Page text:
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Durban - South African and British investors who bought R70 million in shares in a Durban company that claimed to have patented a “life-changing” Aids nutrition pack, have gone to court accusing the directors of lying and stealing their money.
In what is believed to be the first case of its kind in South Africa, the shareholders are asking the Durban High Court for permission to liquidate Edge to Edge Global Investments, a public company. They allege the directors, Durban couple John and Kathy Ellis and Jan Louw of Pretoria, have “acted in a manner that is fraudulent or otherwise illegal” and accuse them of “misapplying or wasting” assets.
While they accept they have probably seen the last of their money, they say they want a liquidator to probe what happened to it and they want to stop Ellis and Louw from “duping” others.
The shareholders say they believed assurances that the company had the patent on the water-purifying drops in the pack and that their money was to be used in clinical testing to be carried out in Abidjan by Nobel Prize winner Luc Montagnier, credited with the discovery of HIV.
The agreement with Montagnier and a distribution agreement with the Africa Forum was professionally bound in a white book and was presented with a flourish at dozens of meetings in upmarket-coffee shops in uMhlanga and Pretoria. But, the shareholders say, no clinical trials have been done and a British company had the patent for the water drops.
Leading the charge in the urgent application - which was adjourned by Judge Trevor Gorven on Thursday to allow Edge to Edge to file opposing papers - is Tony Pinfold, chairman of Great Wall Motors (GWM) South Africa, who says he invested R8.4m in the company.
Fellow shareholders include controversial businessman Jabulani Mabaso - recently acquitted on government fraud charges - who invested R650 000 and a London businessman, Simon Moxon, who says he introduced Ellis and Louw to many other “leading figures” in the British capital, resulting in an estimated investment of £1.2m (R18.5m).
They all say they invested on the strength of assurances by Ellis and Louw that the money would be used to undertake the clinical trials, list the company on stock exchanges and grow the business.
A key component of the “immunity supplement combo pack” was the “blue gold” water-purification drops. Pinfold alleges he was told that Edge to Edge had a 50 percent shareholding in Blue Gold Water and Chemicals, which owned the patent for the drops.
He had since discovered this was not true.
Pinfold said when the promised period for the completion of the clinical trials ended in December, he realised something was “seriously amiss” and discovered that the company no longer occupied its premises, was trading without a company secretary, owed staff more than R2m, and was being pursued by the taxman for R15m.
Meanwhile, shareholder recruitment was continuing unabated at “coffee shop meetings”.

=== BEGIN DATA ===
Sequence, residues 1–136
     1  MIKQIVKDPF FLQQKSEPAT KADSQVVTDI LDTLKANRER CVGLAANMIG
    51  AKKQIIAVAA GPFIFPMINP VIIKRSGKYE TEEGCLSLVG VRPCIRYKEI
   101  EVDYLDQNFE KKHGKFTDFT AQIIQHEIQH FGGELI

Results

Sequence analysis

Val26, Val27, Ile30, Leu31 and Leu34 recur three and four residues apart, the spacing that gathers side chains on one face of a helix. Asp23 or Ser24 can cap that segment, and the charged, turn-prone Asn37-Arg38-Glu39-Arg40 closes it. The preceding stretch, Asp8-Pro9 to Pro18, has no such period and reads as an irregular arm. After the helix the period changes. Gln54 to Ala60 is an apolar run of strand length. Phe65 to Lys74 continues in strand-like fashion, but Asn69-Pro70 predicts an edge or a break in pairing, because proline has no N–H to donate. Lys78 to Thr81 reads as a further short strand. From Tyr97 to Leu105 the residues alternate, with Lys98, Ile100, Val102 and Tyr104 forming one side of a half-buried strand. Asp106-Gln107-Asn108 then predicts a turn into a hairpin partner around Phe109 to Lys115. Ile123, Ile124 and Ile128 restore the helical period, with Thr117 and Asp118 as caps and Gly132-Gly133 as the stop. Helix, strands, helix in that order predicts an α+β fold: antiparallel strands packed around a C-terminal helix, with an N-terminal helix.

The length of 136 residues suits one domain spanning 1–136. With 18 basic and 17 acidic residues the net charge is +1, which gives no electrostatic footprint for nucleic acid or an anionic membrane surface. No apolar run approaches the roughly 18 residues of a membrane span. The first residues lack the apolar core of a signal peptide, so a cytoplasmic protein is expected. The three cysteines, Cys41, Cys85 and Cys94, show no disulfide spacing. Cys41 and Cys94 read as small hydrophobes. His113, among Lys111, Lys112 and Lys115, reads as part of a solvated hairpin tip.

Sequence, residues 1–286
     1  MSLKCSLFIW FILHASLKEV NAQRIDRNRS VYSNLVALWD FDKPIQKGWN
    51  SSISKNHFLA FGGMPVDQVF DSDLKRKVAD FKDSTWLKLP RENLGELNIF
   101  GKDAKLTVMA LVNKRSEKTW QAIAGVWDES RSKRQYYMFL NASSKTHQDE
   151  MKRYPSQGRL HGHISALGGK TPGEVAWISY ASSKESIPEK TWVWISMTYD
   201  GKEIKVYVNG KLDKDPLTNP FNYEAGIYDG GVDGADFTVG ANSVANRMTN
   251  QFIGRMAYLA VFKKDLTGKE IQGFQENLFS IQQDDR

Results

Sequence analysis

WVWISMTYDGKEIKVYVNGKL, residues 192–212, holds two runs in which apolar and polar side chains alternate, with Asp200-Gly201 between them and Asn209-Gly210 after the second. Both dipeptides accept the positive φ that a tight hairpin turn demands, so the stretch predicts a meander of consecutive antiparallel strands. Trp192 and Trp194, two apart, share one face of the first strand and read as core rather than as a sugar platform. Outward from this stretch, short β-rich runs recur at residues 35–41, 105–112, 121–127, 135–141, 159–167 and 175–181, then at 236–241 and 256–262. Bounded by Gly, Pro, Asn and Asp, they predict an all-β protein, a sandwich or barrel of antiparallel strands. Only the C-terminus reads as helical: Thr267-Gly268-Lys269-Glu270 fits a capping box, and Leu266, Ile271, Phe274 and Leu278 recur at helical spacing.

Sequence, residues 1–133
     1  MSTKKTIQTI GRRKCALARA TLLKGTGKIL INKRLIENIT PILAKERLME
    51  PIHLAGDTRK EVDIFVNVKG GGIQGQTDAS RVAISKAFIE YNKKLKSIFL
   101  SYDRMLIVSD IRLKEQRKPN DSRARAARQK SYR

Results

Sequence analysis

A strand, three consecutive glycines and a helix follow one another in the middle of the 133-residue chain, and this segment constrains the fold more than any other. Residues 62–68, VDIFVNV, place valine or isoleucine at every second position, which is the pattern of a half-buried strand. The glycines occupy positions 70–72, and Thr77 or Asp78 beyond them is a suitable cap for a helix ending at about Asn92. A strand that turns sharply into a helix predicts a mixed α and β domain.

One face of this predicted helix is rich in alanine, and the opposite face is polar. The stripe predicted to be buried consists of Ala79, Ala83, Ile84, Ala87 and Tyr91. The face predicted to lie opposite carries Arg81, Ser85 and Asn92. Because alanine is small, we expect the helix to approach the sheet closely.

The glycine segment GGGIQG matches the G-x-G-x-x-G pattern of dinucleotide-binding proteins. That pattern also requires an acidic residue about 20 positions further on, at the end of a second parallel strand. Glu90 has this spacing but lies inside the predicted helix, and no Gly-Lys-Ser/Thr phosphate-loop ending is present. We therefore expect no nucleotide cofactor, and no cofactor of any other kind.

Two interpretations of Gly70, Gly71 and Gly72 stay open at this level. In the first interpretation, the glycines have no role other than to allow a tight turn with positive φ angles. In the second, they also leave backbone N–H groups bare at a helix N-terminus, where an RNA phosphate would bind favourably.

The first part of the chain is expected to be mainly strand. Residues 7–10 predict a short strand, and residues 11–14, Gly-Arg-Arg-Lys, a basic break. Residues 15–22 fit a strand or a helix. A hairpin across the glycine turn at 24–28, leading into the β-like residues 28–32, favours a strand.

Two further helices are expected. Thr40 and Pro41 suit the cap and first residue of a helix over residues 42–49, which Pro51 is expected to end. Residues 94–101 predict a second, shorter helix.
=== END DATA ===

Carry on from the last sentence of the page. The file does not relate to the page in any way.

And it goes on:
Pinfold said at the time that he bought the shares he had been unaware that Ellis had three previous convictions, now expunged, and that Louw had a 2001 judgment against him for R200m.
He said he did not make “serious allegations of fraud” against the directors lightly and had given them every opportunity to explain their conduct. But they had engaged in delaying tactics and obfuscation, including refusing to answer a list of 31 questions raised in a letter sent last month.
A “face to face” meeting to be attended by all shareholders, including those from England, was cancelled at the last minute.
Pinfold said it emerged that there had been no genuine intention that it take place because the venue, the Durban Country Club, advised that Ellis had cancelled the booking the week before, citing the death of “one of the presenters”.
Pinfold said last week Ellis and his wife had sent an e-mail to shareholders advising that “in light of the accusations and questions” they would be calling in their loan accounts in the company totalling R40m, claiming they had funded the company over 10 years.
“They rely on (former employee and chartered accountant) Jennifer Etchells to confirm what they state, but she is one of the applicants in this matter and does not agree or support their version… they do not explain where the alleged loan accounts come from,” he said.
“They could only have come from converting investors’ money into loan accounts.”
In a letter attached to court documents, a businessman said he had recently been pressured by Louw to purchase shares for R10m.
A shareholder, surgeon Dr Tommie Meyer, of Centurion, said that in June, Louw had offered him more shares for R5 each.
“He said after Montagnier’s research, this is a total cure for Aids, that he foresees that shares will be worth R100,” Meyer said.
“He said the company would be listing on the London, New York and Johannesburg stock exchanges.”
Tina Halstead, the attorney acting for the shareholders, told The Mercury they also intended to lay criminal charges.
“My clients would have liked to have seen the clinical trials completed because they believe the product has the potential to elevate the standard of living for those with HIV.
“They have accepted while they will in all likelihood never recover their investments they are not prepared to sit back and watch Ellis and Louw continue to live extravagant lifestyles,” she said.
The matter will be back in court next week.